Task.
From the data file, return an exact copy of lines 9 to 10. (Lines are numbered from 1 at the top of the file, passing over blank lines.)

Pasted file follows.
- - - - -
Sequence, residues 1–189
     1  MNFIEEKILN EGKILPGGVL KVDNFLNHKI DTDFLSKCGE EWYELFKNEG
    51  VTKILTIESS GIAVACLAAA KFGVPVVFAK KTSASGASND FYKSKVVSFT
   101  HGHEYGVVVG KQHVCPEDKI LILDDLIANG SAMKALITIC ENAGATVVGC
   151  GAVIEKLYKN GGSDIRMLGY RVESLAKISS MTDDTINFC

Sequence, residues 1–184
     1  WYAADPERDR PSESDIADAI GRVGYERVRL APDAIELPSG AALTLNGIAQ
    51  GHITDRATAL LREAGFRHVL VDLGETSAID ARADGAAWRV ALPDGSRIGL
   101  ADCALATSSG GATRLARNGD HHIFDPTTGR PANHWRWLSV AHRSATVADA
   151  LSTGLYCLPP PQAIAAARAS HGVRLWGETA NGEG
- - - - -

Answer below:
   101  ADCALATSSG GATRLARNGD HHIFDPTTGR PANHWRWLSV AHRSATVADA
   151  LSTGLYCLPP PQAIAAARAS HGVRLWGETA NGEG